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Hidradenitis Suppurativa May Lead to Skin Changes, Peripheral Neuropathy


Changes to skin and nerve endings as a result of HS may contribute to peripheral neuropathy.

The pain that patients with hidradenitis suppurativa (HS) experience is the result of multiple pain mechanisms, which means they might require multimodal therapeutic strategies, according to a study1 published in JAMA Dermatology.

Characterization of sensory profiles might improve understanding of pain mechanisms in HS and enable identification of effective pain management strategies, according to the authors. In HS, pain is regularly rated as the most important symptom that leads to negative psychological impact, decreased quality of life, and a raised risk of long-term opioid use.

Key Takeaways

  • HS patients experience pain through multiple mechanisms, necessitating multimodal therapeutic approaches for pain management.
  • Quantitative sensory testing revealed that HS lesions are insensitive to certain sensations but hypersensitive to others, potentially indicating neuropathic and nociplastic pain processes.
  • Central nervous system changes in somatosensory processing may occur in some HS patients, suggesting the need for personalized treatments.

Researchers aimed to characterize somatosensory profiles in patients with HS at clinically affected and nonaffected areas compared with pain-free reference data.

This was a cross-sectional study conducted at the Emory University Dermatology Clinic. Adults with dermatologist-diagnosed HS and at least 1 painful HS lesion during the testing period were enrolled between September 10, 2020, and March 21, 2022. Patients with other diagnosis that might contribute to pain or neuropathy were not included, and data analysis was conducted between March and April 2022.

Then, researchers performed quantitative sensory testing on HS lesions and control skin following a standardized protocol.

The quantitative sensory outcomes were comprised of innocuous thermal and mechanical sensitivity (cold, warmth, and light touch detection thresholds), noxious thermal and mechanical sensitivity (cold, heat, pinprick, and deep pressure pain thresholds and suprathreshold pinprick sensitivity), temporal summation of pinprick, paradoxical thermal sensations, and dynamic mechanical allodynia (pain upon light stroking of the skin).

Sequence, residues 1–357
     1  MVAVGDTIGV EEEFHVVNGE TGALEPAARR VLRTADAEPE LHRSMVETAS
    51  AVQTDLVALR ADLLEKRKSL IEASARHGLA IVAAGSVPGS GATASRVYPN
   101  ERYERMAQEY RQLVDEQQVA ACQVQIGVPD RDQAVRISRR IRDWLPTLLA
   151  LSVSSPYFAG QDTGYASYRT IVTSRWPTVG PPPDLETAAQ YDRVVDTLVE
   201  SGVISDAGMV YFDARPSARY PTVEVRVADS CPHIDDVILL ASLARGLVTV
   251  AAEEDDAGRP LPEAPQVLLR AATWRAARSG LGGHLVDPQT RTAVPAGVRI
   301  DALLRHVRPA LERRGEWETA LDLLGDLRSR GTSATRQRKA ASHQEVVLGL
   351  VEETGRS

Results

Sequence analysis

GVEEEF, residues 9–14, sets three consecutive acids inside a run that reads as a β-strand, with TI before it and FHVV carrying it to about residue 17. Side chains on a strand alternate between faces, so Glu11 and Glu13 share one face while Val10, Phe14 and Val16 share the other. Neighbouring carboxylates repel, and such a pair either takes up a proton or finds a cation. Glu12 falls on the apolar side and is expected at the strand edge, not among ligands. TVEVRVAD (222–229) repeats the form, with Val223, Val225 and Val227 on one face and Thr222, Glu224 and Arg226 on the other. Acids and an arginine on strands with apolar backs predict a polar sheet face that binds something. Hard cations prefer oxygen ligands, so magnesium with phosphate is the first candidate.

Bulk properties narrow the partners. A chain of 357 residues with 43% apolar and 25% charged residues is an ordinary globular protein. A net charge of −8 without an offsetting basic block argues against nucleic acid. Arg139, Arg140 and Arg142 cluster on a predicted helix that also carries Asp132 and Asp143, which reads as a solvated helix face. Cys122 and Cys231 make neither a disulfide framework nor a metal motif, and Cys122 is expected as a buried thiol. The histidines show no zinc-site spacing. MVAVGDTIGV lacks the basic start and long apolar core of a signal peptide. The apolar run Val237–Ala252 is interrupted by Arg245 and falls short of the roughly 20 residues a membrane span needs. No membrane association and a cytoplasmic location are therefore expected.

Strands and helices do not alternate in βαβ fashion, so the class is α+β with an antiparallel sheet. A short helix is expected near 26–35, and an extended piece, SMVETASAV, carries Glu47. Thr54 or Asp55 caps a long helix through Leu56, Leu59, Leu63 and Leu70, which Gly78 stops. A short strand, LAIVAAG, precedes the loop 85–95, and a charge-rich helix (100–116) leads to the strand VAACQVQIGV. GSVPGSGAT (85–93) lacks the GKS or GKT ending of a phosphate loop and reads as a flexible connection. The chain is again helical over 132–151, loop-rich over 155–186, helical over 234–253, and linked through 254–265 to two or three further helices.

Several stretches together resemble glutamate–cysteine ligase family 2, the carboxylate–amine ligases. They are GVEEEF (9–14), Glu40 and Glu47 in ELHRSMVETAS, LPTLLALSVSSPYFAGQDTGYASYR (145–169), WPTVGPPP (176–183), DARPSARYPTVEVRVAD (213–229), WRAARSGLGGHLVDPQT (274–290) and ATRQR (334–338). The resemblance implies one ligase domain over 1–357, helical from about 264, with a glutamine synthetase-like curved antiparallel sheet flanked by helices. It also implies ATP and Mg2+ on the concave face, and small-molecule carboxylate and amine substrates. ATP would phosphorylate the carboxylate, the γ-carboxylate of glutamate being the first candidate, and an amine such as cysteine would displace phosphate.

HS lesion sensitivity was compared with sensitivity in a control location (the hand) and in pain-free controls using t tests.

The study included 20 participants with a median age of 35.5 (IQR, 30.0-46.5) years, most of whom were women (15 [75%]). A total of 2 participants (10%) self-identified as Asian, 11 (55%) as Black, 6 (30%) as white, and 1 (5%) as more than 1 race or ethnicity.

HS lesions were insensitive to innocuous cold and warmth, noxious heat, and light touch (t = -5.69, -10.20, -3.84, and 4.46, respectively; all P < .001), compared with site-specific reference values from healthy, pain-free control participants. HS lesions also showed significant hypersensitivity to deep pressure pain (t = 8.36; P < .001) and cutaneous pinprick (t = 2.07; P = .046).

Hypersensitivity to deep pressure pain was also seen in the control site (t = 5.85; P < .001). Additionally, hypersensitivity to repetitive pinprick (5[2.6%]), paradoxical thermal sensations (3 [15%]), and pain upon light stroking of the skin (10 [50%]) were changes in pain processing that are seen often in neuropathic and nociplastic pain conditions, which a subset of patients with HS displayed.

“For some patients, central nervous system changes in somatosensory processing may also occur, but confirmatory evidence is needed. Better understanding of neuropathic and nociplastic mechanisms in HS pain could lead to individually tailored treatments,” wrote the researchers.

Because HS has local inflammation and the fact that testing was performed in clinically painful lesions, the thermal insensitivity of HS lesions was unexpected at first to researchers.

“The hyposensitivity to heat pain could, however, be explained by processes that occur in advanced stages of HS, such as local tissue destruction and tunnel formation,” continued the researchers.

Some important limitations were noted. Quantitative sensory testing was intended to characterize neuropathic states; its use has not been validated widely in inflammatory skin diseases, and it has the capability to be affected by patient biases. Even though the researchers’ findings imply dysfunction of cutaneous nociceptors, it did not include tissue collection or other conventional techniques for diagnosing peripheral neuropathy.

“Additional studies that evaluate the association between QST [quantitative sensory testing] findings and other measures of small nerve fiber function across a broader population of patients with HS are needed to further elucidate cutaneous sensory changes that may contribute to pain and itch in HS,” concluded the study authors.


  1. Alsouhibani A, Speck P, Cole EF, et al. Quantitative sensory testing to characterize sensory changes in hidradenitis suppurativa skin lesions. JAMA Dermatol. Published online September 13, 2023. doi:10.1001/jamadermatol.2023.3243

[This article was originally published by our sister publication, AJMC.]

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